March is Reading Month: Five fun ideas to expand on your children’s favorite books!

Bring your child’s favorite books and story characters to life and encourage their love of reading with these fun ideas!

Try these ideas for expanding your children's interest in books.  Photo credit: Pixabay.
Try these ideas for expanding your children's interest in books. Photo credit: Pixabay.

March is Reading Month! This month provides a great opportunity to expand your children’s interest in books. Research tells us that children whose parents read to them regularly in early childhood have larger vocabularies, are more prepared for kindergarten, and are more likely to read on grade level in grades K-3.

While there are many great children’s books, here are five that have fun corresponding activities to enjoy with your child!

  1.  The Lorax by Dr. Suess - Yarn truffla trees
    In the book The Lorax, the truffla trees are harvested into extinction and the Lorax speaks for the trees throughout the book. Make your own truffla trees with your children by using yarn and popsicle sticks. Have children decorate the popsicle stick like the trunk of the tree and attach a bundle of yarn at the top. Alternatively, construction paper could be used for the trunk and trufflalas, or other supplies such as straws for the trunk.
  2. It Looked Like Spilled Milk by Charles G. Shaw - Cloud blots
    This classic book features a white shape on a blue background on each page. The shape looks like a rabbit, or a bird, or many other familiar silhouettes. This book easily lends itself to being recreated with blue paper and white paint. Fold the blue paper in half, crease and unfold. Have the child place paint on the paper as they desire, then fold paper in half, so the paint is inside the fold. Smooth out the paper, spreading the paint, and then unfold. Have the child describe what they see and record their answers.
  3.  If You Give a Moose a Muffin by Laura Numeroff - Muffins
    Children love the opportunity to bake alongside their parents and caregivers! After you read the book together, find your favorite muffin recipe and jump in. Have your child or children participate in baking, measuring and mixing! Of course, keep kitchen safety in mind, including what tasks (oven, mixer, etc.) might present a risk to children. If You Give a Mouse a Cookie and If You Give a Pig a Pancake, both by Laura Numeroff, are also great books to extend into your kitchen!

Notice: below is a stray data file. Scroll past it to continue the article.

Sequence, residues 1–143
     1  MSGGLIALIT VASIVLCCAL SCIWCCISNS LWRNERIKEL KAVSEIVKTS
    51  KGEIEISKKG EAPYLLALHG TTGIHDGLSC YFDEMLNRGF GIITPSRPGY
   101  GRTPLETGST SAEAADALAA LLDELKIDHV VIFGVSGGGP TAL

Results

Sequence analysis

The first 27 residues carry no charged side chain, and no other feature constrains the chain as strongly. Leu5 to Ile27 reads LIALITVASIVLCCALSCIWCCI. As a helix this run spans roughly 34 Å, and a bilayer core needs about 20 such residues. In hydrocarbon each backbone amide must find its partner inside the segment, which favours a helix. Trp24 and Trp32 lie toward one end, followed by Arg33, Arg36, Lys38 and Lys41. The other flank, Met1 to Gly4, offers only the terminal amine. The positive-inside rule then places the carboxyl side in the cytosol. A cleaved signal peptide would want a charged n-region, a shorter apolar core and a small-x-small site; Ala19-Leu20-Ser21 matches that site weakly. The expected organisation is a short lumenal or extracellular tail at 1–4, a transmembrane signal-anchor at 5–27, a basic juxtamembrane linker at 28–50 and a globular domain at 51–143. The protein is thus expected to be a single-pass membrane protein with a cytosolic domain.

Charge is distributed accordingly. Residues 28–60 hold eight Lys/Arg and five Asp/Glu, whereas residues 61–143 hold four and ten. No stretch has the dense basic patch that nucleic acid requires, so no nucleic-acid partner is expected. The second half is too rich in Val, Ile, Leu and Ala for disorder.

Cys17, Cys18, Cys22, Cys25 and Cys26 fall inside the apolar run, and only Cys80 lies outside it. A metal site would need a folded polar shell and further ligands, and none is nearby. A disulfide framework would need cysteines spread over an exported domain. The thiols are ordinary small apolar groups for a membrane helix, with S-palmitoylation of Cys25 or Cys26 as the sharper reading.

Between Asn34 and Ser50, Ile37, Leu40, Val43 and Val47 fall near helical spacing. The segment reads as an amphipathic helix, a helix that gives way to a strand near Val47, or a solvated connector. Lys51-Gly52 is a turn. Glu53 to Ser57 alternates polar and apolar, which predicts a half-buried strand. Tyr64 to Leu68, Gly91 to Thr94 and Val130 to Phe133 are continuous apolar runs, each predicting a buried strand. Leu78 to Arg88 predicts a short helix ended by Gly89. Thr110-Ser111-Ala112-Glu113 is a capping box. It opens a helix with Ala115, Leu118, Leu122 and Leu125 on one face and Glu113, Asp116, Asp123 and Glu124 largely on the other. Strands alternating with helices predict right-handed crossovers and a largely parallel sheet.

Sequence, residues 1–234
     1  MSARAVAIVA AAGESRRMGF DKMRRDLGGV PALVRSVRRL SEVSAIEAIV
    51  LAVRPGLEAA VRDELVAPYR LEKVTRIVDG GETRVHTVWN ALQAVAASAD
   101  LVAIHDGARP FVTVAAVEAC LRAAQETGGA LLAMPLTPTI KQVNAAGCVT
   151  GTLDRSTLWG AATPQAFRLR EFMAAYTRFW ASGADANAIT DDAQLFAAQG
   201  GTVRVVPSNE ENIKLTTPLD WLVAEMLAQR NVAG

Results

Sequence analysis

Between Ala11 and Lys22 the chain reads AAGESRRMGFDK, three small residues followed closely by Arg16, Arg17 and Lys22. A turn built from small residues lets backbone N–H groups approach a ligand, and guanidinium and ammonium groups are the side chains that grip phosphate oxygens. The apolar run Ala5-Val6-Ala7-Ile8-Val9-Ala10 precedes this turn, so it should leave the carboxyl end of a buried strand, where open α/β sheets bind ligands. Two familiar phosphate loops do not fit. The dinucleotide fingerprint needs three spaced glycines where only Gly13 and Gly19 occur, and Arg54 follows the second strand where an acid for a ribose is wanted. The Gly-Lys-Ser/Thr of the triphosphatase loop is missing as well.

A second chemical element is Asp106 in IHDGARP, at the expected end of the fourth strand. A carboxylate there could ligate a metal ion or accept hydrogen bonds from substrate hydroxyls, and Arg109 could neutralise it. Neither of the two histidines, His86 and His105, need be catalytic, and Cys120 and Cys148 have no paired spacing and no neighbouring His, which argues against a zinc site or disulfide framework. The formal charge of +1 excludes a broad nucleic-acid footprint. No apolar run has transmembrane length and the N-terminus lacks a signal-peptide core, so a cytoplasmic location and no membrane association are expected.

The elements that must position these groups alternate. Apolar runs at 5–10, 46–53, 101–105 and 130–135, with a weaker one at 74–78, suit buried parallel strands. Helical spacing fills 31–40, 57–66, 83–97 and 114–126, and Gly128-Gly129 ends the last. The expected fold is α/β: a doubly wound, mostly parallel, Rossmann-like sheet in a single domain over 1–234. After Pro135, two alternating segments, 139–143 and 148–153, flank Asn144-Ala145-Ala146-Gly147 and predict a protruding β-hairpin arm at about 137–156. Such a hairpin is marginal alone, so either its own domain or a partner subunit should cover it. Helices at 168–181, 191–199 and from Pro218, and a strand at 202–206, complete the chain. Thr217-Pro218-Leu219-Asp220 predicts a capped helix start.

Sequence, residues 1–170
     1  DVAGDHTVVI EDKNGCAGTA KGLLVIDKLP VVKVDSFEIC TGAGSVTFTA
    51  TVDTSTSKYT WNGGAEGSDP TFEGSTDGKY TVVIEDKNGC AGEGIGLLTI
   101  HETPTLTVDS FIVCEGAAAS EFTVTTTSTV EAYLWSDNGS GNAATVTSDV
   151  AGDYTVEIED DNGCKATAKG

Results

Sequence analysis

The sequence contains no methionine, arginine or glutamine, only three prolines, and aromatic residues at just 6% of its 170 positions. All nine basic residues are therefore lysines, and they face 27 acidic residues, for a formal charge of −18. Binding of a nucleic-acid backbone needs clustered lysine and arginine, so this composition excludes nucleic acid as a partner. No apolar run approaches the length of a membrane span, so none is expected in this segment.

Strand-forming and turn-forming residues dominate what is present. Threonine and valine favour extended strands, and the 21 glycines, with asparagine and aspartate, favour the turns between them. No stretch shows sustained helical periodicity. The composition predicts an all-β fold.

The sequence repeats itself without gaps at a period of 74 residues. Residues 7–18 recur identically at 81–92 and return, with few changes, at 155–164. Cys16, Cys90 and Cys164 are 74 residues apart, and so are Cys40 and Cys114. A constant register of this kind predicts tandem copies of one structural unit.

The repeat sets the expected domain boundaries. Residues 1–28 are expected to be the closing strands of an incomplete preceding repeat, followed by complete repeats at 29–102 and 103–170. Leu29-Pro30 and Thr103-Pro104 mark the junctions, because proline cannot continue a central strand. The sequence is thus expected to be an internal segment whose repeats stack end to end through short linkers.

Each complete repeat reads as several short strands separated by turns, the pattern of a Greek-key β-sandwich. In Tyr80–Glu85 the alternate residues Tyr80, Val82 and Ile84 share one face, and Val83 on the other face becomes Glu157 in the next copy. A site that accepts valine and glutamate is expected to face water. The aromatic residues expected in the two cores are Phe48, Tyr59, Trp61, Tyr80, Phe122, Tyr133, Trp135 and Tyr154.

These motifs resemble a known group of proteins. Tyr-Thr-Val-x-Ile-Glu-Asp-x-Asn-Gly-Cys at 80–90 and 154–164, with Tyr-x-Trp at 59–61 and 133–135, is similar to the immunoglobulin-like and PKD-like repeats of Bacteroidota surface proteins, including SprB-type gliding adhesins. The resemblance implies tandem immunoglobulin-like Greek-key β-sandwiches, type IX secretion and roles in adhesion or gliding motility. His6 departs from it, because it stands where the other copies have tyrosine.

4. Alphabet Under Construction by Denise Fleming- Alphabet letters
    In this fun book, Mouse constructs alphabet letters A through Z with a wide variety of materials. You can do the same by providing children with a large paper letter of their first initial and a selection of collage materials. Colored noodles, feathers, stickers and more can be used to decorate “their” letter. Michigan State University Extension offers a Family Book Sheet for Alphabet Under Construction with a variety of other fun and engaging ideas for children!
  5.  We are Going on a Bear Hunt by Michael Rosen - Sound effects
    Many books feature great sounds, including this one! One fun way to expand on children’s interests is to let them make the sound effects as you read the book. For example, in this fun book, the grass goes swishy-swashy, and the river goes splash-splosh and the mud goes squelch-squerch. Read the book once through with children and identify all the sounds, then encourage them to figure out what items could be used to make those noises. A broom, for instance, for the swishy-swashy noise. Then re-read the book, having the children create the noises as you read.

As you read other books with your children, look for ideas to expand on the concepts in the book. Children’s literature offers a wealth of fantastic early learning opportunities. Think outside of the box as you look for craft, science or other ideas to expand on these fun early learning concepts.

MSU Extension offers additional resources on early childhood language and literacy development, including Family Book Sheets, webinars and face-to-face trainings on early childhood literacy development.

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